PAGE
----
#TGIF – Thursday Thoughts
Happy Friday! Thank goodness it’s Friday… am I right? Yes, I’m sending my ‘Thursday thoughts’ on a Friday…. but life happens. So excited to share this four part story with you over the next few weeks.
The questioning all began in a doctor’s office, as it does for so many mothers.
Protocols were being carried out—a system that relies on submission to something that is expected of everyone. I held him down. It was me that sat beneath him, hugging his little body, worries flooding my brain. Was I doing the right thing? If I trusted my doctor, why was I feeling so doubtful? Was this truly necessary? What did I really know about what was being injected into his body?
But I did it. Even in my doubts, I still allowed a doctor to speak over me and tell me this was the best thing I could do for my son.
And then changes began to happen.
I think I was looking for them. I think the worries that had swirled within my head had created a new radar that was operating within me—looking for what could be a sign that what I allowed was not the best option for my child.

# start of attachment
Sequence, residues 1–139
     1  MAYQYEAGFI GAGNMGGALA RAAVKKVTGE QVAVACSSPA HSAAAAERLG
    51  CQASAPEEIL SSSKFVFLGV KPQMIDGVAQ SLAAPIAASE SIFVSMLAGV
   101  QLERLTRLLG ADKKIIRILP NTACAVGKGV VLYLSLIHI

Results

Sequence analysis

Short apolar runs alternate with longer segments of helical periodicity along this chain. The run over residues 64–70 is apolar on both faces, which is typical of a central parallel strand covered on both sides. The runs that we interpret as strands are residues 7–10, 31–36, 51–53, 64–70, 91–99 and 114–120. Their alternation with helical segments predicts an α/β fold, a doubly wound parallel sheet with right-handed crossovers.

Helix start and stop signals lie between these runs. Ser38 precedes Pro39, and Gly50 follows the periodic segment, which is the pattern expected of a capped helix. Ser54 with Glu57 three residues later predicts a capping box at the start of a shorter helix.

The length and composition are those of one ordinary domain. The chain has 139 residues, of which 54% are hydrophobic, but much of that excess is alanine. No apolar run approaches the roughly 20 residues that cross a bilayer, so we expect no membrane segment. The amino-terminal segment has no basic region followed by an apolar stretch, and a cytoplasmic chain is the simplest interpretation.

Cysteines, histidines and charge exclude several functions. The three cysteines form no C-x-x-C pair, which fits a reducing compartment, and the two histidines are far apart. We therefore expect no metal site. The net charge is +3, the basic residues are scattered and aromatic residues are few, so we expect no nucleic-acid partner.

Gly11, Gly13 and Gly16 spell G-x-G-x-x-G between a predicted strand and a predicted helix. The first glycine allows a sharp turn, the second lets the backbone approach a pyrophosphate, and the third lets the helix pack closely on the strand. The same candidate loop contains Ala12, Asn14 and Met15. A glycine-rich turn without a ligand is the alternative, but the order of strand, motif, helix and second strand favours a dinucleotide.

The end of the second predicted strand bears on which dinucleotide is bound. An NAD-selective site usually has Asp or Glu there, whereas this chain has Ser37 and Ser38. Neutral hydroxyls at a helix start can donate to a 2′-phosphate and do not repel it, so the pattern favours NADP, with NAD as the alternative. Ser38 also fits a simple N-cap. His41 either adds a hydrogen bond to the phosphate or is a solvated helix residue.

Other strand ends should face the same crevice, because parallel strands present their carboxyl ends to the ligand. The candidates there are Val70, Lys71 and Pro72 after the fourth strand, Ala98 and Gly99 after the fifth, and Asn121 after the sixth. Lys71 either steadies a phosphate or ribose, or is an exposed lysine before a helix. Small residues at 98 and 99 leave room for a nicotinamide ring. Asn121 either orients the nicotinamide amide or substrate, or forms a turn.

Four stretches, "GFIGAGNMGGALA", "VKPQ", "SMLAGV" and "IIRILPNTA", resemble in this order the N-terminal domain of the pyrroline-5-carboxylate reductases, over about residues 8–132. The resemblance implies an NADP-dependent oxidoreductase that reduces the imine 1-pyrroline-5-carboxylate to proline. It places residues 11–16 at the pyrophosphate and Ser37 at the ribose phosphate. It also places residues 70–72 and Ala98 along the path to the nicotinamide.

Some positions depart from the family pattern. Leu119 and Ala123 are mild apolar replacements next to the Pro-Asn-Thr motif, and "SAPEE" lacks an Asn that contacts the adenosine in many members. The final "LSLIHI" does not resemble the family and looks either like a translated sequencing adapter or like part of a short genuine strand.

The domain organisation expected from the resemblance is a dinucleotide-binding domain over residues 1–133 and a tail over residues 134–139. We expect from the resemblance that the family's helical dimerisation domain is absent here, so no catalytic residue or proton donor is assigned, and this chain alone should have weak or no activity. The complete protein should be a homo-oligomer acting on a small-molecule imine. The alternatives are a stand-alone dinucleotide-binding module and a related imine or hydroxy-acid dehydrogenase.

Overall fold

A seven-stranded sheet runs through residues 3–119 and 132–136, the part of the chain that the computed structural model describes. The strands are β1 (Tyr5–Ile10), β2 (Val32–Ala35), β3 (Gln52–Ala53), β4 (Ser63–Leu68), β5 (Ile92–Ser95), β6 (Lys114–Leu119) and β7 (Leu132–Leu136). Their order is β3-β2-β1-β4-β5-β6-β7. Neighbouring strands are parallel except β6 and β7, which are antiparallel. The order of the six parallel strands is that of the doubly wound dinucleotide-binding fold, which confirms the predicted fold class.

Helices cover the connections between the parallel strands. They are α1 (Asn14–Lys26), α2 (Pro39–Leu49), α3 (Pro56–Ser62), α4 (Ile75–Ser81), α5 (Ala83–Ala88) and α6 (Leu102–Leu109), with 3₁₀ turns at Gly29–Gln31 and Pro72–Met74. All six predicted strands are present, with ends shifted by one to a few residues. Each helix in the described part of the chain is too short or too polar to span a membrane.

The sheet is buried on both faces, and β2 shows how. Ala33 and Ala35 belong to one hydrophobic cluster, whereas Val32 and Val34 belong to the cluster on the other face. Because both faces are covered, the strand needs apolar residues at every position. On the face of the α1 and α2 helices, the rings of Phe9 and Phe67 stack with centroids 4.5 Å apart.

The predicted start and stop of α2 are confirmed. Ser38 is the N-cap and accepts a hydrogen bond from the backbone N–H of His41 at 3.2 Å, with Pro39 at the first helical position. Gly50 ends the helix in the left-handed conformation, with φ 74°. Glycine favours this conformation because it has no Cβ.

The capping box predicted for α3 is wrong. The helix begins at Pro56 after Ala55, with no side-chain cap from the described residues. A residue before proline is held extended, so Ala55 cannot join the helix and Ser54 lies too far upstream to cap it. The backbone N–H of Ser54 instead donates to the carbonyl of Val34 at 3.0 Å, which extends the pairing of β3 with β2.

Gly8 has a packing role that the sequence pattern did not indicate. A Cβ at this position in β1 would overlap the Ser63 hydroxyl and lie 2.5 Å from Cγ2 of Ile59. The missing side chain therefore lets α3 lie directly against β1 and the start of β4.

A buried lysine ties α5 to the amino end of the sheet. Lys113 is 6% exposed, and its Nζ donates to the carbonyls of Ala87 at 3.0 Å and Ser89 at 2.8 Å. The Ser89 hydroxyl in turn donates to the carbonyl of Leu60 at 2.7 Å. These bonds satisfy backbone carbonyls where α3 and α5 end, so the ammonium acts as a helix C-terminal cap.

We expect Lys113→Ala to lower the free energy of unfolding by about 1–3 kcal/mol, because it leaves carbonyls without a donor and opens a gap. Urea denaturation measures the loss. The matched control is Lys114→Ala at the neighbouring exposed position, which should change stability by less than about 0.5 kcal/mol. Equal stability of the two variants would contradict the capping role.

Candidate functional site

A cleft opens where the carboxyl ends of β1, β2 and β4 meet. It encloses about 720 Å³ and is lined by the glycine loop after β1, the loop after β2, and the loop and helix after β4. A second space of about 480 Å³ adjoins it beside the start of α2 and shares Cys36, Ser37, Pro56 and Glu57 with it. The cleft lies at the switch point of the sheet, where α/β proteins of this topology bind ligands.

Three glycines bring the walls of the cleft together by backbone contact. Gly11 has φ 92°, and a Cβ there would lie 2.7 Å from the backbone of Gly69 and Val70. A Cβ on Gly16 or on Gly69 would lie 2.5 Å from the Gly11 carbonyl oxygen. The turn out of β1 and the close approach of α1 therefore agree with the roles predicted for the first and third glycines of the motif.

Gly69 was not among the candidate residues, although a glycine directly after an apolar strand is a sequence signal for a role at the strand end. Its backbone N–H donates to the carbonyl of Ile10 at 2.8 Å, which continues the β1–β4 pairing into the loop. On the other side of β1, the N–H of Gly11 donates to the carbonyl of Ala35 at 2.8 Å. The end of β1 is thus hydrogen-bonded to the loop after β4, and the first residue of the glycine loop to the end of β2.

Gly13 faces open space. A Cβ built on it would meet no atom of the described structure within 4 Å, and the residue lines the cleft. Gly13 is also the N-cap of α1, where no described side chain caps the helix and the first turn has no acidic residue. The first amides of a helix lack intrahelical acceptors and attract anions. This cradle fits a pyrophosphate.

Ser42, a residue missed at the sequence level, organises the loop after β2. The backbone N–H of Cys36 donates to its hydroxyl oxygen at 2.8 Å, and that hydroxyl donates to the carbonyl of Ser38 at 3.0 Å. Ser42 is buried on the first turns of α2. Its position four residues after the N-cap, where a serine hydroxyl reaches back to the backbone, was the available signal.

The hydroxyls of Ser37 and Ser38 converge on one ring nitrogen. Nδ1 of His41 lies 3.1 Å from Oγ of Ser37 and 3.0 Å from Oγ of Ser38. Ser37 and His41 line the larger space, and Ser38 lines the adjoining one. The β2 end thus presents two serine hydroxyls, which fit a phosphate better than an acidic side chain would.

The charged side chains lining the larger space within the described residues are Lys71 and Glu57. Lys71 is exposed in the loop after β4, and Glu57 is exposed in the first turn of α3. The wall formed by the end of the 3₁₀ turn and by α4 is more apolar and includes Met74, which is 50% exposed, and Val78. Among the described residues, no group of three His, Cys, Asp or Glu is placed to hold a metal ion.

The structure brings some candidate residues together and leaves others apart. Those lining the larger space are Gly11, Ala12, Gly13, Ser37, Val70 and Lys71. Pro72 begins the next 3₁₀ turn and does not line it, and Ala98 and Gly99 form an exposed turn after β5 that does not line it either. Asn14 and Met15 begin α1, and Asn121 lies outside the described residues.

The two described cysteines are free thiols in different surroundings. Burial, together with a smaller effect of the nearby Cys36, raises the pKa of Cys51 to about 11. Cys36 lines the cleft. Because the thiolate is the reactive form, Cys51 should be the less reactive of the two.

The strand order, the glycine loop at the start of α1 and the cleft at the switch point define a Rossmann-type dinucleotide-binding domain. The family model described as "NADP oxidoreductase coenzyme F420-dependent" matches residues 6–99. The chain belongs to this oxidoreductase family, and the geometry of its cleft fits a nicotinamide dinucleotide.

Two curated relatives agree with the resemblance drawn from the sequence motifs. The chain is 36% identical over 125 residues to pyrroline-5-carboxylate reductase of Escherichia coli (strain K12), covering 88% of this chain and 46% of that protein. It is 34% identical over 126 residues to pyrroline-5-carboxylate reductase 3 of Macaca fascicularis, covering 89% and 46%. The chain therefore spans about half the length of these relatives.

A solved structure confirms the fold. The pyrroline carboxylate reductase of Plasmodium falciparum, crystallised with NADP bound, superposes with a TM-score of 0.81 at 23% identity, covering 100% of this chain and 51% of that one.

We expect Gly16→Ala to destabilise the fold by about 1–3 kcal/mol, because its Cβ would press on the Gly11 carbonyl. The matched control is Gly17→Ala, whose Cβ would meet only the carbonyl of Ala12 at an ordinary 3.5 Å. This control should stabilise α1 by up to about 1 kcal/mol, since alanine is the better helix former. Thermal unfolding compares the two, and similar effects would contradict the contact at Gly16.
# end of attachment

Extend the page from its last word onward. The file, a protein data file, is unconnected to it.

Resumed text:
The one that caused a mix of overwhelm, anger, and shame to surface was when he stopped saying “mama”. My baby stopped calling me “mama”.
This is where I think the guilt really set in for me.
Why did I allow this to happen? Why wasn’t I more diligent? Why did I just have this blind trust in someone else?
I’m his mom and I felt the responsibility for what happened to him heavy on my shoulders.
But I didn’t know.
I think this is where so many other mothers have also been—where they just didn’t know but make themselves feel so guilty as if they should have. However, we never know until we do. And although shame and guilt will twist itself within our thoughts and we’ll have to wrestle with it at times, we can only blame ourselves for what happened if we choose not to change something going forward.
So, I went to the doctor. I laid out my concerns and what I had seen with my own eyes—the ways my son had regressed.
It was here that I was shamed, chastised, and made to feel as if I was inferior—that what I suspected was ridiculous. I was told there was nothing to support my accusations and that nothing that had happened in his office could have caused such things to happen.
Then I was kicked out of his office—as if the problems my child had after that day were something I had made up, and it is because I was viewed as the problem. My thoughts and our experience were not wanted in that place. I was a potential threat to the system they appeared to worship.
A system designed to keep mothers ignorant until they are shaken from what they experience in their own homes, and then made to believe they are the crazy ones.
Mamas, we are not the crazy ones. You are not crazy for wanting to know more.
If the information is withheld from us, shouldn’t we be questioning the ones withholding the information?
Part Two to come….